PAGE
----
SHAFAQNA – The American-led coalition against Islamic State (Isis) received a boost last night when Turkey agreed to let foreign forces use its soil and paved the way for its own operations against the group. MPs voted overwhelmingly to support a motion bringing to an end weeks of uncertainty for the West in which the Nato member had sat on the sidelines. The motion passed last night allows Turkish forces to deploy to Iraq and Syria “for cross-border operations and interventions”. It also allows for foreign troops in Turkey “for the same purposes”.It amounts to a turnaround by the government of President Erdogan, who shied away from joining the military coalition against Isis last month, citing the plight of 46 Turkish hostages held by the jihadists.
After securing the release of those detainees two weeks ago amid reports of a prisoner swap, Mr Erdogan hardened his rhetoric against the group. “We will fight effectively against both [Isis] and all other terrorist organisations within the region; this will always be our priority,” he said.
Turkey also wants to establish a safe zone in Syria to stem the flow of refugees and protect the tomb of Suleyman Shah on Syrian territory. This move faces opposition from the US, which fears it would require the imposition of an expensive no-fly zone and possible air battles against President Assad’s forces.
The Turkish plan gives western forces permission to train Syrian opposition fighters near its border with Syria. It does not, however, allow foreign aircraft to launch airstrikes against Isis using Incirlik air base — they would be allowed to use it only for logistical support and humanitarian aid.
A Turkish government official said that this policy might be reviewed in future. The vote came as Isis fighters advanced to the edge of the Kurdish-Syrian city of Kobani, despite opposition from Syrian Kurdish forces, bolstered by Kurds from Turkey and Iraq, and US airstrikes.
American warplanes unleashed strikes overnight against the advancing jihadists after Kurdish fighters were forced to fall back when they came under heavy bombardment from Isis artillery. Isis was said to be two miles outside the town and video on the internet appeared to show jihadists inside the city.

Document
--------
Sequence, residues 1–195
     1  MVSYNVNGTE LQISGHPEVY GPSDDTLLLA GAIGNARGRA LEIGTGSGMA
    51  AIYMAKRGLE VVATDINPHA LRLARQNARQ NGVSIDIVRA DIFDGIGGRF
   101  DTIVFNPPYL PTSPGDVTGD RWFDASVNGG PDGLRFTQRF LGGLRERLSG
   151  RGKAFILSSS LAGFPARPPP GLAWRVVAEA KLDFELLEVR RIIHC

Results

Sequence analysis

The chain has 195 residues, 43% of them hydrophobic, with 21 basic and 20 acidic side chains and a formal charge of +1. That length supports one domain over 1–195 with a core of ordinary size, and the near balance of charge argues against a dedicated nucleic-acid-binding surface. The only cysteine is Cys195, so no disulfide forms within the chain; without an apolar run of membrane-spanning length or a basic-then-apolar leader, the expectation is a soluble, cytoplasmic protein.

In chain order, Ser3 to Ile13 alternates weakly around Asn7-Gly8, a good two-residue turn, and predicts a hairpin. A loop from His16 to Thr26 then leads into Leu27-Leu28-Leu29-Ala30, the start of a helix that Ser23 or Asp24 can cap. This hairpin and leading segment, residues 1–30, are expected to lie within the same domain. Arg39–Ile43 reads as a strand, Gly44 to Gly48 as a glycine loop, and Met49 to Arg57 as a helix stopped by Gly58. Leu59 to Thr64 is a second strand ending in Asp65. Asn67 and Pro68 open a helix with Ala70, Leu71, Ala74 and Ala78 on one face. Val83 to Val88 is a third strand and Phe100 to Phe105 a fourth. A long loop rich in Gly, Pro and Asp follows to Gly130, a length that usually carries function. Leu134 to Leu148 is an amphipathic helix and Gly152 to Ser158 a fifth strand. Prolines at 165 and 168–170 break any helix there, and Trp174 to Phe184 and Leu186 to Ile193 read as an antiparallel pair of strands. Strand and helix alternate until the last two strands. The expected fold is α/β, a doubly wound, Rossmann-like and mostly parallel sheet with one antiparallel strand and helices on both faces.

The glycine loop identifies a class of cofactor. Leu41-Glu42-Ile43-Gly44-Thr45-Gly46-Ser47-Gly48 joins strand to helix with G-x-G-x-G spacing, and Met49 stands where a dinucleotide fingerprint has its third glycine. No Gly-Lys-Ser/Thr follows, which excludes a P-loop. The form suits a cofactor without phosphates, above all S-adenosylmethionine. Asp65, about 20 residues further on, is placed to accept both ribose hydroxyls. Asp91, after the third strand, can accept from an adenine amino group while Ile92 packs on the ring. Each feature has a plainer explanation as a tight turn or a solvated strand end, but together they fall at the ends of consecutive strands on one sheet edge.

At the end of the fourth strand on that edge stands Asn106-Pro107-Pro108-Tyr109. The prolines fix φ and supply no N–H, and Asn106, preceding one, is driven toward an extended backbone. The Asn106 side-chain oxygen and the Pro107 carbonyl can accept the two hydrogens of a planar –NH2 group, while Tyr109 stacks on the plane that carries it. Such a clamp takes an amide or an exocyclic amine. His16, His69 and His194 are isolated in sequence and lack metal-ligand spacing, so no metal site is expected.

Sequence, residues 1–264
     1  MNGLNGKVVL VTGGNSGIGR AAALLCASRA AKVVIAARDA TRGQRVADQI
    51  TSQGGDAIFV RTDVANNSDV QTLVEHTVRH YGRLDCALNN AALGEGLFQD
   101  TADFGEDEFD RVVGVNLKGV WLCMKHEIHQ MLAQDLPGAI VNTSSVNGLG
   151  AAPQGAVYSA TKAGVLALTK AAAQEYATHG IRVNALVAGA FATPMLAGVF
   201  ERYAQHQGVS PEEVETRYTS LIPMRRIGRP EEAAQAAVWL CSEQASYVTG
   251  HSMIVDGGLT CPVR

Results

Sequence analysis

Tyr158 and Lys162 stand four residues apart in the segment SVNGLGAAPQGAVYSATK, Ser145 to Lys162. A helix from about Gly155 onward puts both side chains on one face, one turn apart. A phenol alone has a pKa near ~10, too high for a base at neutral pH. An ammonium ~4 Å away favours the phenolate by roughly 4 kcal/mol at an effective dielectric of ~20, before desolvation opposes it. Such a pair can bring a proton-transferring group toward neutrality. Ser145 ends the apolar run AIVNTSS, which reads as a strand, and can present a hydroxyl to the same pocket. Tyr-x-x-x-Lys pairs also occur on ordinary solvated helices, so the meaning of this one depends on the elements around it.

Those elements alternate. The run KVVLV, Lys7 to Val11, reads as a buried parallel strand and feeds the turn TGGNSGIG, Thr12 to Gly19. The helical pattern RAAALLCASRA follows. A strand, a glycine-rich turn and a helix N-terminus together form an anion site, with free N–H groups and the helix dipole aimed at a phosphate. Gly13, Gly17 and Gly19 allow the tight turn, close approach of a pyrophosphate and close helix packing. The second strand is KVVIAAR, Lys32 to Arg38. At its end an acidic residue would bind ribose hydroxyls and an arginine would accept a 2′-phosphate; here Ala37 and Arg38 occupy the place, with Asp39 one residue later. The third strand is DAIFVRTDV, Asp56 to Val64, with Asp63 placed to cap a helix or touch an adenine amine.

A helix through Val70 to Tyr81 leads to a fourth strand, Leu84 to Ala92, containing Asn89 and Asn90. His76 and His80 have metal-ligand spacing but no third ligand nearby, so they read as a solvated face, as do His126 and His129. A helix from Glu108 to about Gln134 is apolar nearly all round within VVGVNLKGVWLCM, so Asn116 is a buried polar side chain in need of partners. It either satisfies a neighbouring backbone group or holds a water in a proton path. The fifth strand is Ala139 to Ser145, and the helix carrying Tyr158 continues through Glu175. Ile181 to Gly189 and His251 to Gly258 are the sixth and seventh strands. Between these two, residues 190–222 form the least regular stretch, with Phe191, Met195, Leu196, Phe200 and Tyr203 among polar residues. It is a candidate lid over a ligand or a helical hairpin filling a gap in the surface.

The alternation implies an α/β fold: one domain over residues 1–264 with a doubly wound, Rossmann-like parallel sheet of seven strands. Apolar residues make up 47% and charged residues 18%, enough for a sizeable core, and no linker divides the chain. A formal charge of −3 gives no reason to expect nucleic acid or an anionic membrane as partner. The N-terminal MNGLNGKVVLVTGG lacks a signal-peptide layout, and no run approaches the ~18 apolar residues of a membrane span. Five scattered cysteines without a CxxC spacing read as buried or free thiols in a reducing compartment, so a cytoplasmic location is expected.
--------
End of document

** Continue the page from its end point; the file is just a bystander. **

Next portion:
The conquest of Kobani would be a prize for Isis, giving it control of a swathe of territory along the Turkish border, over which it brings supplies and fighters, including western recruits.
Abdullah Ocalan, the imprisoned leader of the Kurdish nationalist PKK rebel group, piled pressure on Ankara to intervene to prevent Isis taking Kobani. The city is almost deserted after 90 per cent of its 300,000 inhabitants fled, many to Turkey.
Mr Ocalan said the seizure of the city would mark the end of the peace process Mr Erdogan pioneered in an effort to end the PKK’s 30-year insurgency. “If this massacre attempt achieves its goal, it will end the process,” he said. Mr Erdogan raised the issue of a buffer zone on the Syrian side of the border with Joe Biden, the US vice-president, and in a phone call with President Obama last week, during which he urged Washington to establish a no-fly zone.
A National Security Council spokeswoman said the US was not considering it, and Syrian Kurds are also opposed to such a move.
There were signs of an Isis fightback against Iraqi security forces in western Iraq yesterday after they lost ground in the north of the country. Isis suicide bombers and gunmen stormed two security bases in Heet and Ramadi, two enclaves of the jihadist-dominated Anbar province still under government control. At least 20 Iraqi soldiers and seven policemen were killed when a police headquarters and an army base were overrun.
Iraq’s army has suffered setbacks in Anbar, where several military bases have been overrun in Isis attacks using suicide bombers. Isis claims to have killed at least 300 soldiers when it overran Camp Saqlawiyah, close to Fallujah, seizing vehicles and weapons. Another 240 Iraqi soldiers trapped in a base in Albu Aitha, east of Baghdad, are running out of supplies.
Iraqi aircraft dropped leaflets over Mosul yesterday, warning civilians to evacuate homes near Isis positions, barracks and weapons stores before planned airstrikes on the city, which fell to the jihadists in June.
Yesterday, the US Navy reported its first casualty. A US Marine who ejected from a plane, the MV-22 Osprey, over the Persian Gulf on Wednesday was presumed “lost at sea”. The aircraft had lost power after taking off from USS Makin Island.
Meanwhile, Syrian Kurdish commanders confirmed yesterday that they had been joined by an American citizen who came to help in the battle against Isis. They identified him as Jordan Matson, 28, from Racine, Wisconsin. Leading article, page 30